Tired of downloading by yourself the electron-quick-start repository and modify it according to your needs for quick tests? Because i am, and a lot of developers as well, that's why the Electron team developed a new tool that will help you to quickly execute live tests in Electron, making your life easier.
We are talking about Electron Fiddle, a tool that allows you to create and play with small Electron experiments. It greets you with a quick-start template after opening, just change a few things, choose the version of Electron you want to run your snippet with, and check the results in a live Electron Project. As if this weren't enough, this tool allows you to save the Fiddle as a Github Gist or saving it into a local folder. Once you push the result to GitHub, anyone will be able to test your fiddle by just accesing its URL on the desktop tool.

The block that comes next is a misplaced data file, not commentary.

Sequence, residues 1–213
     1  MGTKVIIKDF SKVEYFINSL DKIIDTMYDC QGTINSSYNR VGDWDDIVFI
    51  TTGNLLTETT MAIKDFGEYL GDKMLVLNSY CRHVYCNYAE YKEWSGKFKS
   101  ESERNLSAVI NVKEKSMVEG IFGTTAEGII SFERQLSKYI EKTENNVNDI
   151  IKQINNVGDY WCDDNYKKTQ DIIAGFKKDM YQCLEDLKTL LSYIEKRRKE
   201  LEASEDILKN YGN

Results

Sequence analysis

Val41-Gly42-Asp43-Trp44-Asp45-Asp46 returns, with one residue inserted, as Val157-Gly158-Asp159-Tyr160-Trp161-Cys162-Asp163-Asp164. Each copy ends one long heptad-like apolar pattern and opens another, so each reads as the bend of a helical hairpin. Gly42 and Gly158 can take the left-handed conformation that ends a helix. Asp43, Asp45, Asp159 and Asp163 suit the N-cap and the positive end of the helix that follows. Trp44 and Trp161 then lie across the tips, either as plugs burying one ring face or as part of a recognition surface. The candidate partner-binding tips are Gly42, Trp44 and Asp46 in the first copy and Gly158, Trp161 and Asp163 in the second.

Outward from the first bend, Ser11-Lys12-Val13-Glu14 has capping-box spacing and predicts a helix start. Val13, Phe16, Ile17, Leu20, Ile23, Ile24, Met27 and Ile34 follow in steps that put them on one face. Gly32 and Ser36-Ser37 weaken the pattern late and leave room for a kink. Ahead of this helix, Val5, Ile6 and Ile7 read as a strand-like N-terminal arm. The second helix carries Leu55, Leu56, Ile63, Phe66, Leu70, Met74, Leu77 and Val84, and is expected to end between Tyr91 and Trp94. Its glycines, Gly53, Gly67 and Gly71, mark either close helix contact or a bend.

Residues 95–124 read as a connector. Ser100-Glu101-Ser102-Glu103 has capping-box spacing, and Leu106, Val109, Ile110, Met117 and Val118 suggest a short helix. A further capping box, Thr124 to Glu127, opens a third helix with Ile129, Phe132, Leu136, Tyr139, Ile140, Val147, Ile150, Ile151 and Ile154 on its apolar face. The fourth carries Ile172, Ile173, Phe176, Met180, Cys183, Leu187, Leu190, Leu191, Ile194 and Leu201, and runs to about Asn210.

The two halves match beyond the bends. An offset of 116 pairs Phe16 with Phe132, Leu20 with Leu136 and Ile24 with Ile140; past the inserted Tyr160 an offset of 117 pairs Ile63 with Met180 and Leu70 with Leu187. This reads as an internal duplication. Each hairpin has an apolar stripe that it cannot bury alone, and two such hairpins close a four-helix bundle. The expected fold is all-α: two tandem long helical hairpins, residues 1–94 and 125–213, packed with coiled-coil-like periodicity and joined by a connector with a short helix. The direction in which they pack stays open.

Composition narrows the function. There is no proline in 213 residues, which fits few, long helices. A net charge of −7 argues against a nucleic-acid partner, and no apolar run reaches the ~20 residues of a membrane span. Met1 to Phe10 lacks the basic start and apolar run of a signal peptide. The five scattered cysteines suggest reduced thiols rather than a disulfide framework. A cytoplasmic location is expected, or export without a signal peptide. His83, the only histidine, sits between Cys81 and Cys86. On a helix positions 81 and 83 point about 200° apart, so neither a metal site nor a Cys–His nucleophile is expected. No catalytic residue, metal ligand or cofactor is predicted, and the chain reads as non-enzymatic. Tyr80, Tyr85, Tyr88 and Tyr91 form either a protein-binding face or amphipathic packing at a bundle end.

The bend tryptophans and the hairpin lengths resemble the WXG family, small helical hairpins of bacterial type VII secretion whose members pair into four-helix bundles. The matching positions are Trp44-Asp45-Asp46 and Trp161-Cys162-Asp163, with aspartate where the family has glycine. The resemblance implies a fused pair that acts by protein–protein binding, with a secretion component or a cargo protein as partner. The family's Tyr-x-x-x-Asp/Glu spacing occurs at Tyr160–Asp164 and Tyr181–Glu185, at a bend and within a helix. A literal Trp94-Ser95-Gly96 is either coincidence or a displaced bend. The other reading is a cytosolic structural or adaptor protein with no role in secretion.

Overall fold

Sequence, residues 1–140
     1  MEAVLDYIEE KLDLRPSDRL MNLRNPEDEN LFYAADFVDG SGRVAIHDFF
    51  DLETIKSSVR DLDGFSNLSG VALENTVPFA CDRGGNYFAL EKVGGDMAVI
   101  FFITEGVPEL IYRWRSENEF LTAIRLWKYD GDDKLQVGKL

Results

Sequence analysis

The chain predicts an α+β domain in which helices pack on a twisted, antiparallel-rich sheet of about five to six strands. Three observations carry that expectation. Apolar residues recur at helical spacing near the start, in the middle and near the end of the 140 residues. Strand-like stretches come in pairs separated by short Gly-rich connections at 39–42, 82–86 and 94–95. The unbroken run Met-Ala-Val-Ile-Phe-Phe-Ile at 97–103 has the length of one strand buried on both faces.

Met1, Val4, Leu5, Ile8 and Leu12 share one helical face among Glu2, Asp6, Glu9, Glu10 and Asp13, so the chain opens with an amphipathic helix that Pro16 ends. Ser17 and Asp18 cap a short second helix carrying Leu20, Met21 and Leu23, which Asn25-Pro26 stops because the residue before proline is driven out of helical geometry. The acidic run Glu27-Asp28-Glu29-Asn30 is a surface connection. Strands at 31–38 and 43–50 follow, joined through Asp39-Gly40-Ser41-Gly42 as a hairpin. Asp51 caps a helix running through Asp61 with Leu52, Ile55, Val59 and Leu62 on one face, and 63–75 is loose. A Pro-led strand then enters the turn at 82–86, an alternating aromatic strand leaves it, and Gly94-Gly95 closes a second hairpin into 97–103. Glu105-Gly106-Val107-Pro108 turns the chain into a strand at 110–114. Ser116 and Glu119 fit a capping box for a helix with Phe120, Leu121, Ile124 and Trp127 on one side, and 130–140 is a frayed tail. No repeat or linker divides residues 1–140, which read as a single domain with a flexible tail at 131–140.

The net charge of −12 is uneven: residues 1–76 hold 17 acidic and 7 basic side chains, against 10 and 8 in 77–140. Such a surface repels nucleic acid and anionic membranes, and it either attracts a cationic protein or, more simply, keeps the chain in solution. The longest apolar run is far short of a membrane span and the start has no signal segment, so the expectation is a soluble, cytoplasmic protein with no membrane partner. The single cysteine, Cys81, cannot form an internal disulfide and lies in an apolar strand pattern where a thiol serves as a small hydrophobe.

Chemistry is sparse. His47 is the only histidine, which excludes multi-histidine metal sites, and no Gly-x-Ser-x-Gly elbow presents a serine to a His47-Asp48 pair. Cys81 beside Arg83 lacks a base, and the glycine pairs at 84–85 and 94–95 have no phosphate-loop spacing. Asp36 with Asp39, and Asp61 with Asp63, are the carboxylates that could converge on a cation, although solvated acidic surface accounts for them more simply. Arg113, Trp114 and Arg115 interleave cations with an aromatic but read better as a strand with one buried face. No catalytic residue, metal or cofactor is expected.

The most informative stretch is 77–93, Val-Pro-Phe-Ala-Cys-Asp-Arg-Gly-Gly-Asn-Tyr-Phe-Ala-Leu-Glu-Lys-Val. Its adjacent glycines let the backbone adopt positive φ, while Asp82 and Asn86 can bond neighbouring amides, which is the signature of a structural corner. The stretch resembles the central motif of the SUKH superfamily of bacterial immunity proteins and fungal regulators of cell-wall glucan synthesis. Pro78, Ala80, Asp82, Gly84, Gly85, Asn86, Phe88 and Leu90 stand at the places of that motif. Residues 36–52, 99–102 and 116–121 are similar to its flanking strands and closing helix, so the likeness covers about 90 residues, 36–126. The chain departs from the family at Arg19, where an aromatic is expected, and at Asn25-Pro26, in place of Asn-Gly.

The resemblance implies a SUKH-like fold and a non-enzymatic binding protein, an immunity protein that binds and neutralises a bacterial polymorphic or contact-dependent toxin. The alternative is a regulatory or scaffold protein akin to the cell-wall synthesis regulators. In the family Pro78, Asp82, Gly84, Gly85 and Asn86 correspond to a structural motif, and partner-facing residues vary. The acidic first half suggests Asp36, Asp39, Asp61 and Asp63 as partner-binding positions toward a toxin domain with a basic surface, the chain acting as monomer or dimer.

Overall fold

How to get started
The tool by itself doesn't offer a binary that you can download for your platform, so you will need to download the project and build it with Node.js and NPM. Basically what you need to do is to clone the fiddle repository, install dependencies and run the start script (you need obviously Node.js installed):
REM Download the fiddle project git clone https://github.com/electron/fiddle.git REM Get inside the fiddle directory cd fiddle REM Install dependencies and start the Fiddle Desktop Tool npm install && npm start
This will start the desktop application of Electron Fiddle where you can get started with the tests! For more information about this project, please visit the official repository at Github here.
One of the most awesome features of this application is the integration with the succesful HTML/CSS/JS Microsoft Monaco Code Editor. This editor offers support for types, so will always work with an IDE feeling, although Electron Fiddle isn't an IDE at all. It also installs the type definitions for the currently selected version of Electron automatically, ensuring that you always have all Electron APIs only a few keystrokes away:
You will be able as well to turn your experiment into binaries (build) that you can share with your friends, coworkers, or grandparents. It does so thanks to electron-forge, allowing you to package your fiddle as an app for Windows, macOS, or Linux.